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The Darkness That Comes Before: Book 1 of The Prince of Nothing
R. Scott Bakker
Penguin Canada, 584 pages

The Darkness That Comes Before
R. Scott Bakker
R. Scott Bakker is a student of literature, history, philosophy, and ancient languages. He holds a BA in English language and literature, an MA in theory and criticism, and is presently completing his PhD in philosophy at Vanderbilt University. He lives in London, Ontario. The Darkness That Comes Before is his first novel.

ISFDB Bibliography
Article: Why Fantasy and Why Now? by R. Scott Bakker

Past Feature Reviews
A review by Victoria Strauss

One of the most rewarding aspects of book reviewing is encountering new voices -- not established authors whose books you haven't read before (though that can be thrilling too), but brand-new writers whose careers you know you're going to want to follow. Reading R. Scott Bakker's debut novel, The Darkness That Comes Before, I had that feeling of discovery -- tempered, it has to be said, with a certain amount of frustration, for this fascinating, occasionally brilliant book is also overwritten and self-indulgent. Nevertheless, it's an impressive start to what looks likely to become a noteworthy epic fantasy trilogy.

In a world two millennia beyond an Apocalypse precipitated by the followers of the No-God, Mog, the high prelate of the Inrithi church calls a Holy War against the Fanim -- a people who follow a heretical variant of Inrithism, and whose mages practice a deadly magic the sorcerer Schoolmen of the Inrithi kingdoms don't understand. For centuries the Fanim have held Shimeh, the Holy City of Inri Sejenus, Latter Prophet of Inrithism; it is time now to take it back.

The forces of the Holy War begin to assemble in the city of Momemn, an army of the faithful unlike any ever seen, but also the focus of vicious secular power struggles among the Inrithi elite. At the same time, five very different individuals are drawn together: sorcerer and spy Drusus Achamian, sent by his superiors to gather intelligence on the strange alliance between the Inrithi church and one of the sorcerous Schools; Esmenet, a prostitute in love with Achamian, who knows Achamian is in danger and wants to warn him; CnaiŁr, a chieftain of the barbarian Scylvendi, a spectacularly brutal man burdened by the guilt of an old wrong; SerwŽ, a former concubine whom CnaiŁr has taken as a battle-prize; and AnasŻrimbor Kellhus, DŻnyain monk and descendant of ancient kings, who is in search of his father. The DŻnyain are bred for intellect, and trained, through an absolute apprehension of cause, to unerringly predict effect; in the short term, they're functionally prescient, capable of totally commanding the unfolding of circumstance and manipulating the hearts and minds of those around them in whatever ways they wish. Kellhus, passionless and without prejudice, is as near to superhuman as any human man can be, and part of his gift is that no one can perceive this. Only CnaiŁr, who in his youth met another man like Kellhus, understands what Kellhus is, and can resist him.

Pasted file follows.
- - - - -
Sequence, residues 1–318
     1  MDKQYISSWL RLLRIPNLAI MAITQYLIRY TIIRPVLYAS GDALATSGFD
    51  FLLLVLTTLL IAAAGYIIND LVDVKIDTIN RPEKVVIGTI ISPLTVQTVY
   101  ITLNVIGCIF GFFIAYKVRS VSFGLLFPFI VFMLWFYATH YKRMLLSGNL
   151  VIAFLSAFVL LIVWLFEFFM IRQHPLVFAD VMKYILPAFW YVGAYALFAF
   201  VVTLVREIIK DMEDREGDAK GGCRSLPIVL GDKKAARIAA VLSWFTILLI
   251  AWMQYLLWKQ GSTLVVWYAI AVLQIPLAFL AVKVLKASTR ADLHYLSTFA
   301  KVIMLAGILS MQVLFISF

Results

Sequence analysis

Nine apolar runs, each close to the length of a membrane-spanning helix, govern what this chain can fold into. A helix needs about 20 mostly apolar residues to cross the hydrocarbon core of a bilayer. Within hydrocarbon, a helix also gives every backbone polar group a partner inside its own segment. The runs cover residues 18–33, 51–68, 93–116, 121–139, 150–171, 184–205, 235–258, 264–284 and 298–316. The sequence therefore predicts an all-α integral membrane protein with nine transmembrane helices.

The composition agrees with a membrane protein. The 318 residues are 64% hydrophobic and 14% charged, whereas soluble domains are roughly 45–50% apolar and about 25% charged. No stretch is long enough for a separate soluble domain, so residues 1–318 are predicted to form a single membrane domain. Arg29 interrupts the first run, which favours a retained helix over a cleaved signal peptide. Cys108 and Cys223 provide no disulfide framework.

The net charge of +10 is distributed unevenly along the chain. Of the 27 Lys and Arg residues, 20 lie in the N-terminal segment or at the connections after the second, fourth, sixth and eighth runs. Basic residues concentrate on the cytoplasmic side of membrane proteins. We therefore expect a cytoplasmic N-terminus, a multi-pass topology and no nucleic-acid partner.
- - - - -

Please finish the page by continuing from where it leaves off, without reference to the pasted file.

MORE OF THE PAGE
Meanwhile, a less human force is stirring: the Consult, the mysterious cabal of generals and sorcerers who woke the No-God Mog and precipitated the Apocalypse. The Consult has been absent from the world for so long that, apart from Mandate sorcerers like Achamian, almost no one believes it still exists. But Achamian, to his horror, has found evidence that suggests the Consult is not only abroad and active, but enmeshed somehow in the Holy War. Could the predicted Second Apocalypse be at hand?

The Darkness That Comes Before features an extremely complex cultural background, a multitude of characters, and a plethora of exotic names, places, terms and concepts. Bakker makes no concessions to his readers, plunging directly into the story with only the briefest of explanations for the many unfamiliar details of his setting. Fortunately, there's a glossary at the back of the book, with capsule descriptions of all the factions and religions and nations; still, reading the first few chapters feels a bit like trying to find your way through a strange city where you don't quite know the language. This dense narrative is made denser still by an abundance of descriptive detail, lengthy interior monologues from the viewpoint characters, and many intricate conversations, all of which read beautifully but often take the long way round to whatever point is being made. This ornamentation, obviously the product of much careful world building, certainly adds texture and atmosphere -- but there is too much of it, hampering the pace and getting in the way of story flow. Too, like many trilogy first installments, in some ways The Darkness That Comes Before is just a prelude -- assembling the main players, laying out the major themes, defining what's at stake. These threads braid together slowly; the end of the novel finds the characters only just setting out on the larger portion of their quest. For readers with short attention spans, or those who aren't willing to yield to Bakker's narrative style, it may simply be too much to cope with.